The disaster film genre came to major prominence in the 1970s, with Airport, The Poseidon Adventure, Towering Inferno and Earthquake. In fact, disaster films were around from the beginning of the 20th century, they just never reached the kind of commercial and critical success the aforementioned movies managed to achieve. Airport garnered 10 Oscar nominations and a Best Supporting Actress Award for Helen Hayes. The genre died out in the early 1980s and remained dormant until Titanic smashed all kinds of records in 1997. 2004’s The Day After Tomorrow brought home over one-half a billion in worldwide box office.
2015 brings us San Andreas, another film about an earthquake that had a production budget in excess of $100 million and a nice fat marketing campaign budget as well. The news is good. The money is right up there on the screen with dazzling special effects, decent acting and terrific imagery of what a really major earthquake would do to California.
Los Angeles Fire Department’s “Chief Raymond Gaines” (Johnson) is a helicopter pilot who has a very distinguished saves record, both during his military service and while with the LAFD. He’s presented with a tough situation at the film’s outset. Turns out that he and his wife “Emma” (Gugino) split up when one of their two daughters died. Emma and the surviving daughter, “Blake” (Daddirio) are moving in with Emma’s boyfriend, “Daniel Riddick” (Gruffudd) who is a real estate developer nearing completion on what would be the tallest building in San Francisco.
Seismologists Lawrence Hays (Giamatti) and Dr. Kim Park (Lee) are at the Hoover Dam, working on their experiments in earthquake prediction. They are able to predict a quake at the dam in time to warn people, the quake being unexpected because it occurred along a previously unknown fault line. Now that Hays knows he can give some warning about future earthquakes, he goes back to Cal-Tech to get the word out with the assistance of “Serena Johnson” (Punjabi) a television reporter.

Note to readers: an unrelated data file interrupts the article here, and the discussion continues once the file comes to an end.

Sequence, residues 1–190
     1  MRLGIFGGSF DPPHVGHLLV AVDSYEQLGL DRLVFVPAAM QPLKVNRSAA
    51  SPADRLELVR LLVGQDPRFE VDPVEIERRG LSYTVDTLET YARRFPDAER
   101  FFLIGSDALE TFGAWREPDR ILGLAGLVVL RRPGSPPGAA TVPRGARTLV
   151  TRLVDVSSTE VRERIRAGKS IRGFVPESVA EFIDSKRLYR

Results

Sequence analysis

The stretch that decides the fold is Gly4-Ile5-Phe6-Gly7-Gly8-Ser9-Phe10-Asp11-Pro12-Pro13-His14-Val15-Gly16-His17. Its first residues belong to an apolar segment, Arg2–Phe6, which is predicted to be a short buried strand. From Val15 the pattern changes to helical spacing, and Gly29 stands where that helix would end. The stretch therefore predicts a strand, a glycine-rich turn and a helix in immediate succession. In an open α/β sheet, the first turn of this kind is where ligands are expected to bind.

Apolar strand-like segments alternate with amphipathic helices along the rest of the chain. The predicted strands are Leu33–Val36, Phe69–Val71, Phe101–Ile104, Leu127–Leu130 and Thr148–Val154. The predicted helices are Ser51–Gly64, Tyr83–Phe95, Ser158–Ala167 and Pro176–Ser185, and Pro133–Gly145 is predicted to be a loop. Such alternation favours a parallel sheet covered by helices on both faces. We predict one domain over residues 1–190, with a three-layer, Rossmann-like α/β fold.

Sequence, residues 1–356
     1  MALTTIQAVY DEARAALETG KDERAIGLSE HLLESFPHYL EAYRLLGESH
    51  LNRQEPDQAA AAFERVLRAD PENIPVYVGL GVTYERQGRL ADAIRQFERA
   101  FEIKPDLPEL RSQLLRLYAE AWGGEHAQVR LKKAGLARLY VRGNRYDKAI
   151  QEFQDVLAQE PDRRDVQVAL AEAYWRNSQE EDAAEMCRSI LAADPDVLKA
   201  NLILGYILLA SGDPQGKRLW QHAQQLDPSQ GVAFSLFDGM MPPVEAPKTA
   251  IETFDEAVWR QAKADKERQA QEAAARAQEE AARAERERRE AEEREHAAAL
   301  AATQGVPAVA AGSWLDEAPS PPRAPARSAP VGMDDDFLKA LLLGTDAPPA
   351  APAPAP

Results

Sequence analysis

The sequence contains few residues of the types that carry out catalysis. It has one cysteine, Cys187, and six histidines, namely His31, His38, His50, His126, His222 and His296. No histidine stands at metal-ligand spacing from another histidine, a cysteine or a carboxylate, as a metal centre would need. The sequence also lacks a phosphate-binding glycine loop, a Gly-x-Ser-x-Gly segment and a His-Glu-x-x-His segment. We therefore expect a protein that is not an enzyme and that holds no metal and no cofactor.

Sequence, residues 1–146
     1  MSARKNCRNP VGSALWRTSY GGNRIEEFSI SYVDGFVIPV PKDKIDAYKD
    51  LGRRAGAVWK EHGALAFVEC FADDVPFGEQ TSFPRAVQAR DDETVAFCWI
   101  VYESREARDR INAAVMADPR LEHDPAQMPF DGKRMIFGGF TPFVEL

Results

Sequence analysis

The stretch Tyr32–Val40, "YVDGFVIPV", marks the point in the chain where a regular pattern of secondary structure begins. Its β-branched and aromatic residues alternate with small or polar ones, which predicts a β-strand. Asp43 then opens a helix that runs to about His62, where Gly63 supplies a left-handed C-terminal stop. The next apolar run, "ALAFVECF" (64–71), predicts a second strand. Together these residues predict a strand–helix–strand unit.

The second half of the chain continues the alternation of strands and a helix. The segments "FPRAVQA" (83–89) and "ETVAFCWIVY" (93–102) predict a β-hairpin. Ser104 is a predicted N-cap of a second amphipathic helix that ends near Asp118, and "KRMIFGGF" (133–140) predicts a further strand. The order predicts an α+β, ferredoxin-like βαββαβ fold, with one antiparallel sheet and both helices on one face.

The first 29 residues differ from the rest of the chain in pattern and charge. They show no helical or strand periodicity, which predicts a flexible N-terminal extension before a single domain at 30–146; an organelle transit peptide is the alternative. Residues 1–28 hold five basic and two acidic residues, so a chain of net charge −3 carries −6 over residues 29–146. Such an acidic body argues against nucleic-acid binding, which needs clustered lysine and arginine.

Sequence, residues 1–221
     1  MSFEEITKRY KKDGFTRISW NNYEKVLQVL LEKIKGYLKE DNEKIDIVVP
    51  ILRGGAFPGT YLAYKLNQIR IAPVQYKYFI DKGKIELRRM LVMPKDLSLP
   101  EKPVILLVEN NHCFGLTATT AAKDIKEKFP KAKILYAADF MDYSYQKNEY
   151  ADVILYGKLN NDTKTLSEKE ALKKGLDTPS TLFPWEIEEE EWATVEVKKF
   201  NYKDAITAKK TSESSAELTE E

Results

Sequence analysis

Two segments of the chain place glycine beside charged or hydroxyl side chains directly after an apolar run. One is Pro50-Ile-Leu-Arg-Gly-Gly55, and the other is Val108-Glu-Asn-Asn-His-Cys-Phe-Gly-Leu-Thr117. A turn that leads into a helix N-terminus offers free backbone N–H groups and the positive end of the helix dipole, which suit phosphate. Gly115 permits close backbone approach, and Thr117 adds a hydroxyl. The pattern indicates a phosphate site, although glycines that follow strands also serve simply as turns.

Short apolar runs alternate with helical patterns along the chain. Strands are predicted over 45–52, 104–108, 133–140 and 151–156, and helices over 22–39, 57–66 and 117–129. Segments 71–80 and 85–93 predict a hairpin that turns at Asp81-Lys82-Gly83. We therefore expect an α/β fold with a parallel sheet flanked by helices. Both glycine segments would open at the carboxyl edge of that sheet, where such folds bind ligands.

Blake was going to ride with her father to school in Seattle but the Nevada quake made that impossible, so she winds up in San Francisco with Daniel. He stopped off there to do some business. At his office she meets “Ben Taylor” (Johnstone-Burt) who is there to apply for a job with Daniel’s company; and Ben’s younger brother “Ollie” (Parkinson). First Los Angeles, and then not long after, San Francisco are devastated by major quakes. Chief Gaines teams up with Emma to fly his helicopter to San Francisco to rescue Blake.
Given Brad Peyton’s brief feature film resume, he didn’t seem like the best choice to helm this film, but he did a very good job with the cast and the visuals. The film has a nice pacing to it, as you can’t put an audience through 114 minutes of non-stop high-level intense action. The action on screen, when it comes, is the film’s best feature. The acting is good and the story/dialogue adequate. Those aren’t the things on which disaster films rise and fall.
The more movies that Dwayne Johnson does, the better he gets at adding some nuances to his performances. He may never win an Academy Award, but what we see here is a big step up from his work in Be Cool. As for the rest of the cast they add rather than detract from the movie.
Leave your scientific knowledge of earthquakes in the parking garage and enjoy San Andreas.